Margilan : the Silk Capital of Central Asia and
2000 years of glorious history
Just like people, cities change over time, and Margilan is now enjoying
its renaissance or "second youth". Interestingly enough, no one
actually knows the exact meaning of "Margilan" but many agree that it
may be a reference to Persian "Marg" which means "green pasture land",
and "Lon" which could be the old Persian definition of locality. If we
combine those two we'd get exactly that – "A Green Place". Look at the
abundance of trees in modern Margilan - it's probably not too far off!
No one can ascertain the exact age of Margilan, but the local
historians have their opinion. They refer to archaeological discoveries
and the fact that Margilan sits on the Great Silk Road and the cities
along this road used to trade with China and silk was one of the main
goods exported from ancient China. That dates back to 5th century AD.
The silk trading route was most probably established in that period and
the Chinese imperial envoy and merchant Zhang Qian was among the first
to visit Central Asia in the first half of 2nd century AD.
Many ancient manuscripts and studies refer to trading with cities
located in Fergana Valley and Babur’s extraordinary book about his life
– "Baburnama" - is among them. He describes Margilan of the 15th
century and talks about silk manufacturers, jewelers, ceramic artists
By the end of the 19th century Margilan had about 50 thousand in
population and the majority were artisans, merchants and
quite a few silk weavers and manufacturers. Margilan was a pretty well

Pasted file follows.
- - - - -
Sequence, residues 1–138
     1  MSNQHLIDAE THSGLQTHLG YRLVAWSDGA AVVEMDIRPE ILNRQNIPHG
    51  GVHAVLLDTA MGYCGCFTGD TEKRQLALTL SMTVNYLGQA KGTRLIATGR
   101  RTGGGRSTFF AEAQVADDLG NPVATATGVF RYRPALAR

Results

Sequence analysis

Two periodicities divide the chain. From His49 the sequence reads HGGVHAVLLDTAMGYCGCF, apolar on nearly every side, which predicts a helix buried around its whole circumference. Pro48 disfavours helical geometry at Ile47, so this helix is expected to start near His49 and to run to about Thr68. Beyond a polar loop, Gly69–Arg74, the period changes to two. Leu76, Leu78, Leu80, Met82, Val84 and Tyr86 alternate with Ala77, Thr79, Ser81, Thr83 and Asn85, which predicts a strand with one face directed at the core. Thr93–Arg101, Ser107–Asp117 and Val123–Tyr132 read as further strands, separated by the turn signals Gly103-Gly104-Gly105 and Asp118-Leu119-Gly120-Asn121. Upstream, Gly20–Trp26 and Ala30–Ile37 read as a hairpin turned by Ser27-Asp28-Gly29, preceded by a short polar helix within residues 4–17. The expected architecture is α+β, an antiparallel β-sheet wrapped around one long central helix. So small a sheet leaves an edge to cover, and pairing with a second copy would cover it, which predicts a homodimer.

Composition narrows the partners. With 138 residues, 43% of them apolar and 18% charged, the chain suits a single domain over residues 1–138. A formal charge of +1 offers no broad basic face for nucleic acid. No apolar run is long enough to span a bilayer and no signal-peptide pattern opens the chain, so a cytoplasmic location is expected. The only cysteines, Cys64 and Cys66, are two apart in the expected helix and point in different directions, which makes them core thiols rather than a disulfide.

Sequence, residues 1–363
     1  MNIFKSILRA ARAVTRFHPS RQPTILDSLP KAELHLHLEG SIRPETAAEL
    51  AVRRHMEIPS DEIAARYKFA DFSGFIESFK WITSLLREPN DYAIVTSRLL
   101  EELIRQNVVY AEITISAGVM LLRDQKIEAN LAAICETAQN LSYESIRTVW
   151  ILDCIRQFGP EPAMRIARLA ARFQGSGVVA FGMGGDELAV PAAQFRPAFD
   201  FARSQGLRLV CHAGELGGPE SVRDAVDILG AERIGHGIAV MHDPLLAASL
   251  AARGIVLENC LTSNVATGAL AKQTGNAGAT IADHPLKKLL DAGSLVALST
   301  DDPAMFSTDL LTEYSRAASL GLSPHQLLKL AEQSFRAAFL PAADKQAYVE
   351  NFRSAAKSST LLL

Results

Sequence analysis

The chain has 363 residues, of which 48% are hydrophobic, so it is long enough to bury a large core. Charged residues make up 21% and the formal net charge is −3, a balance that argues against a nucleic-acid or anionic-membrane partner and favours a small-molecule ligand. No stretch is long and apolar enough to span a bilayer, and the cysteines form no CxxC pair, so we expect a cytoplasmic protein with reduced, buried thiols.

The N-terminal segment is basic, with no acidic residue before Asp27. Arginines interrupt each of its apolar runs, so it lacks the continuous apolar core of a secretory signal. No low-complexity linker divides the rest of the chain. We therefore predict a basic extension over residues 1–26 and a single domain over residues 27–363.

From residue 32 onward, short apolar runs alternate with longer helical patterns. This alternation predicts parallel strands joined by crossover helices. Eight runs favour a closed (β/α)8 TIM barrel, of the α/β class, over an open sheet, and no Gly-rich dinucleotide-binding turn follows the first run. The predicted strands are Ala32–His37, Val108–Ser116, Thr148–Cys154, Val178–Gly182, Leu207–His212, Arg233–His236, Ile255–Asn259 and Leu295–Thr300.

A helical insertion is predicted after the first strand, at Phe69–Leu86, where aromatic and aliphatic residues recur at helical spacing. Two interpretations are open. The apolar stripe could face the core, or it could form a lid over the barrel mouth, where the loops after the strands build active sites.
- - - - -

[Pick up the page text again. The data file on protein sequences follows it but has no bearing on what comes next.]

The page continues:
known center of small businesses and had a few great markets (or
silk from Margilan
Centuries of silk weaving traditions still live and prosper in modern
Margilan. A very unique school of silk weaving produces gorgeous
fabrics that are very popular among tourists and locals alike. Local
silk weaving traditions continue in unique and stunning patterns where
fabrics are clearly distinguishable and technically
Manufacturing and coloring process is an interesting combination of
very old techniques and unique machinery that was developed locally.
Silk manufacturing process is still mostly manual labor and it is
extremely interesting to watch artisans work. One of the most famous
silk factories in Margilan is family owned and they allow visitors and
tourists to watch the process of creating fabrics, all the way from
silk cocoons to rolls of beautifully patterned fabrics.
No wonder that silk embroidery is also an integral part of the local
artisan market. Suzanis from Margilan are very popular among tourists
and local tour operators often bring visitors directly to artisans’
Locally manufactured silk is also used for making traditional Uzbek
hats called "Duppi". Colorful silk embroidery makes these tiny flat
hats rather good looking and very popular among tourists.
traditional hat - "Duppi"
Even though Margilan’s age is hard to determine, history lives here,
is very palpable and visible in traditional silk fabrics. Many agree
that ancient traditions of silk manufacturing thrive in Margilan and it
is truly the Silk Capital of Central Asia.